Humans Impact On Nature:Part Two

Maine:The Way Life should Be (If People Would Stop Ruining It)

In Part One of this Hub series, I introduced the woods that are behind my house in Maine. The entrance is at the end of my road, and when you first approach, it looks like a beautiful, peaceful place. Some of it is. But most of it has been destroyed my man, turned into a dumping ground by those that have settled around the woods.

I took these photographs over a span of about two months for my college Photography class this past fall and early winter. During that time it snowed and melted a few times, creating such different backdrops for the trash that litters the area. I also noticed that not only did nature change the appearance of the woods, but someone was continuing to dump things in the woods during this duration. A few large peices of garbage were added. I was happy to note that along the edge where the woods meet the houses, a bunch of garbage was picked up. Maybe someone saw me sniffing around with my camera and felt guilty. Good.


Above are two different views on the main path leading into the woods, one before the snow, and one, obviously after it fell. In my last series of pictures, I concentrated on the streams that flow to the right of the path. In this, Part Two, I will show you things I saw along the path, and a few things I saw off the path and just had to get a closer look. One in particular that I had to get closer to was the ladder and piles of tires. There was so much other stuff out there, as if someone is trying to build a fort or something. Bored teenagers, no doubt. Its nice they are out in nature, but come on... This is what the beauty of nature is now because of those out there who just don't care:

Just reviewing these pictures makes my heart a little sad, contributing to the anxiety I've always experience when really contemplating humanities long term impact on Earth. Some of the trash that has been dumped here is hard to even see at first glance, as nature is trying to reclaim it. But the things we leave behind will remain far after we are gone, and these woods are just a tiny example of what some people have done and continue to do.

Oh, and on my way out, I noticed, the cigarette butt was still there, layered in ice, becoming one with the sheet that covered the trail.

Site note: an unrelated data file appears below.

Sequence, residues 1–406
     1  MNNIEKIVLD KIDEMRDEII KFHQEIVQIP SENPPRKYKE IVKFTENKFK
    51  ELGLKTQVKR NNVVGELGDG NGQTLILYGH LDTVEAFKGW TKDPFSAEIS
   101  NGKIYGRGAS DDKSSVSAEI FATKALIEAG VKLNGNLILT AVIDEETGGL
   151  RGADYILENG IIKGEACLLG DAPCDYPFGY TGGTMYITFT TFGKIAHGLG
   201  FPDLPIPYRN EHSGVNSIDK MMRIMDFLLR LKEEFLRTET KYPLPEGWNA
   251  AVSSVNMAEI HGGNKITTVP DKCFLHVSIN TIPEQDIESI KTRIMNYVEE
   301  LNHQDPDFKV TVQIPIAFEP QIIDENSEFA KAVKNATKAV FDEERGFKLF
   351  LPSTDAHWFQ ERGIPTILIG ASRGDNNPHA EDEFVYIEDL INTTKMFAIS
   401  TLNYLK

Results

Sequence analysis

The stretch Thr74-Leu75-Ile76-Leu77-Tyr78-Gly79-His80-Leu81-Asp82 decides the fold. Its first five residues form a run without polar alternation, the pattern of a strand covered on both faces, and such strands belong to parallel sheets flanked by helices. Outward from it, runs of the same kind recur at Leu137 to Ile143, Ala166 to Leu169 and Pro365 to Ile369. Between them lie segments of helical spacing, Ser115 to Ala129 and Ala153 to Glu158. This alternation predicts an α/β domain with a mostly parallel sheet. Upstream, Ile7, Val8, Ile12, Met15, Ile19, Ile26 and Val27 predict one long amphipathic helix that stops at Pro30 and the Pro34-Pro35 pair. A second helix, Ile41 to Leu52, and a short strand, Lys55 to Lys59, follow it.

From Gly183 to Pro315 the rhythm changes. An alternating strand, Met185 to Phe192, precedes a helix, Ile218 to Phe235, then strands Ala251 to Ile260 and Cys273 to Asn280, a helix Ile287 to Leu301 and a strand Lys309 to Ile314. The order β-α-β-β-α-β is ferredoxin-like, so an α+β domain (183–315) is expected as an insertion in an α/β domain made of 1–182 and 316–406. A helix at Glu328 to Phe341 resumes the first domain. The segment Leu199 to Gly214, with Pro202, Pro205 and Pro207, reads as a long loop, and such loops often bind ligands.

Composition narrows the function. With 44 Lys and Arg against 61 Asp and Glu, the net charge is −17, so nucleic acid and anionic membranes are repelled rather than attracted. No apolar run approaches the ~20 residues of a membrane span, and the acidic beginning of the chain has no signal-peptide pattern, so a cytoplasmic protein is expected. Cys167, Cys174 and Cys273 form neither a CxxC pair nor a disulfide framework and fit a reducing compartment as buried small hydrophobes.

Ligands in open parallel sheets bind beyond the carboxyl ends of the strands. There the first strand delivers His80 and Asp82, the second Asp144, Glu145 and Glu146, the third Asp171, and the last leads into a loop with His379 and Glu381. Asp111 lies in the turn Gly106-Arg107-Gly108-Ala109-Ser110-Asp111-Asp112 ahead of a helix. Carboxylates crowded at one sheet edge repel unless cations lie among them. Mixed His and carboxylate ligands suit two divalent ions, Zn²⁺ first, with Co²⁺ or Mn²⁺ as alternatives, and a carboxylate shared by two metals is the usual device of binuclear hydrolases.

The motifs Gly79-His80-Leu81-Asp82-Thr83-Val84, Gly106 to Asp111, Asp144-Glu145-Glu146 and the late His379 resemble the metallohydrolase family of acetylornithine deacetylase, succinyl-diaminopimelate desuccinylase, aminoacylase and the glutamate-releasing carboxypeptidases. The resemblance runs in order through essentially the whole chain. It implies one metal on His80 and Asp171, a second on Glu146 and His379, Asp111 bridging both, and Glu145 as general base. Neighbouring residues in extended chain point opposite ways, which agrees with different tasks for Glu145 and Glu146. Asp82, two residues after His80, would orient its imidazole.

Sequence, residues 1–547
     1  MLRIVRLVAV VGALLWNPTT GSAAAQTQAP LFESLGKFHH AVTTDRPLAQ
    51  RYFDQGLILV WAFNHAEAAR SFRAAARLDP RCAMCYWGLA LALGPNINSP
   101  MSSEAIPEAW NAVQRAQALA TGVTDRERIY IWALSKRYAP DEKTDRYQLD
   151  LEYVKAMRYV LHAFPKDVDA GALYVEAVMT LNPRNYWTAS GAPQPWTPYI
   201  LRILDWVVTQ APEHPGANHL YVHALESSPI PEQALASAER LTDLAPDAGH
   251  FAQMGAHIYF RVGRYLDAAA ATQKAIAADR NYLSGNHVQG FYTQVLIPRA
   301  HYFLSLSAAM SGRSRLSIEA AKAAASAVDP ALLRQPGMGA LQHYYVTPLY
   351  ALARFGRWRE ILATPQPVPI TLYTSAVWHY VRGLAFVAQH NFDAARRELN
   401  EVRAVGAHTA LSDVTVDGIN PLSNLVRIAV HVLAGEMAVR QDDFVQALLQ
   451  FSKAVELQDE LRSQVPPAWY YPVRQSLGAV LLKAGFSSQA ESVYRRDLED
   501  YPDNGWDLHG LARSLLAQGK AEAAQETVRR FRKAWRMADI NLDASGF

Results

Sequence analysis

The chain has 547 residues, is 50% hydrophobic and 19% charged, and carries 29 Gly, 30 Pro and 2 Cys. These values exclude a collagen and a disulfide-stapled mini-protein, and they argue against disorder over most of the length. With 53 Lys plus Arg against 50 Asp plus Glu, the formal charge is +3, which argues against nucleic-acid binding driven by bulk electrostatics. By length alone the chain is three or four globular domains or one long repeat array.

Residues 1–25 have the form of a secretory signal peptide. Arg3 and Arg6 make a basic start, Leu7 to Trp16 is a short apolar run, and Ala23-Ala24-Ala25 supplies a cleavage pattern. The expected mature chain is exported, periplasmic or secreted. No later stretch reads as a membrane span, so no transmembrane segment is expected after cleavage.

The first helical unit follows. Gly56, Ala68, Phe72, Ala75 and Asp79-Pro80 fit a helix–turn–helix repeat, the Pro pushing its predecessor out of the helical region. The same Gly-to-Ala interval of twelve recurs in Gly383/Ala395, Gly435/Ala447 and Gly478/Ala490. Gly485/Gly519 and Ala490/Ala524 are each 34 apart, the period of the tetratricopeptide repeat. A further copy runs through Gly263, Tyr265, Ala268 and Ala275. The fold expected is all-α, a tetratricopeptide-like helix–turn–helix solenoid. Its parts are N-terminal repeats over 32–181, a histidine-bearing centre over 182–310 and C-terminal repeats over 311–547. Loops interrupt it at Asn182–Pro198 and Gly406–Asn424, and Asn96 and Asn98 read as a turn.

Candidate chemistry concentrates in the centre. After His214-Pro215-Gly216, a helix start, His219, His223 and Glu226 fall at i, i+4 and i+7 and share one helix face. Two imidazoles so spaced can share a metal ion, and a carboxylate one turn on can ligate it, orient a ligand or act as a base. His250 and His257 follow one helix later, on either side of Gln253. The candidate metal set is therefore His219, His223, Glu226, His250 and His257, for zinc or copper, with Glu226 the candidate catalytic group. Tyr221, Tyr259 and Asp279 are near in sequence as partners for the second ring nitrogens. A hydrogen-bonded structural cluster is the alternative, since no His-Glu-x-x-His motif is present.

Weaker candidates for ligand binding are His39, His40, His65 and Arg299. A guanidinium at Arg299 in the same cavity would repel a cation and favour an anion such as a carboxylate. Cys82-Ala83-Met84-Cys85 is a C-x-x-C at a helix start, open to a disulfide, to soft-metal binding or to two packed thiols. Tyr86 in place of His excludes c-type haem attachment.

Comments 4 comments

teaches12345 profile image

teaches12345 3 years ago

Wow, after looking at this it really makes you think about putting trash in containers. I am very careful to do this in general, but it does make you think. The photos make me sick to my stomach! I remember when we lived in the beautiful mountains of Virginia you would sometimes come upon scenes like this. What a shame. Voted way up!


bizarrett81 profile image

bizarrett81 3 years ago from Maine Author

teaches12345 thank you so much for voting it up! It is a shame. It could be such a beautiful place but I end up feeling grimy when I linger in there too long. I would love to be able to clean it up, but I can't afford the dump, which is probably the reason why others unload their trash their too. Maybe someday I can figure out a way to clear it out, but my fear is that two weeks later it would look just the same.

Thanks again!


JimTxMiller profile image

JimTxMiller 3 years ago from Wichita Falls, Texas

I know it's no consolation to mention that this is not a problem in the Maine woods only. Dumping is a blight on nature everywhere in this country. Your photos document the issue beautifully.


bizarrett81 profile image

bizarrett81 3 years ago from Maine Author

Yes, sadly, I know this. I was born in California and lived in Florida for a while and there are more signs of humans then nature in the places I lived. That is why I fell in love with Maine, with its abundant nature, so its sad to see it that way. Thank you for your kind words and I'm glad you enjoyed my photographs!

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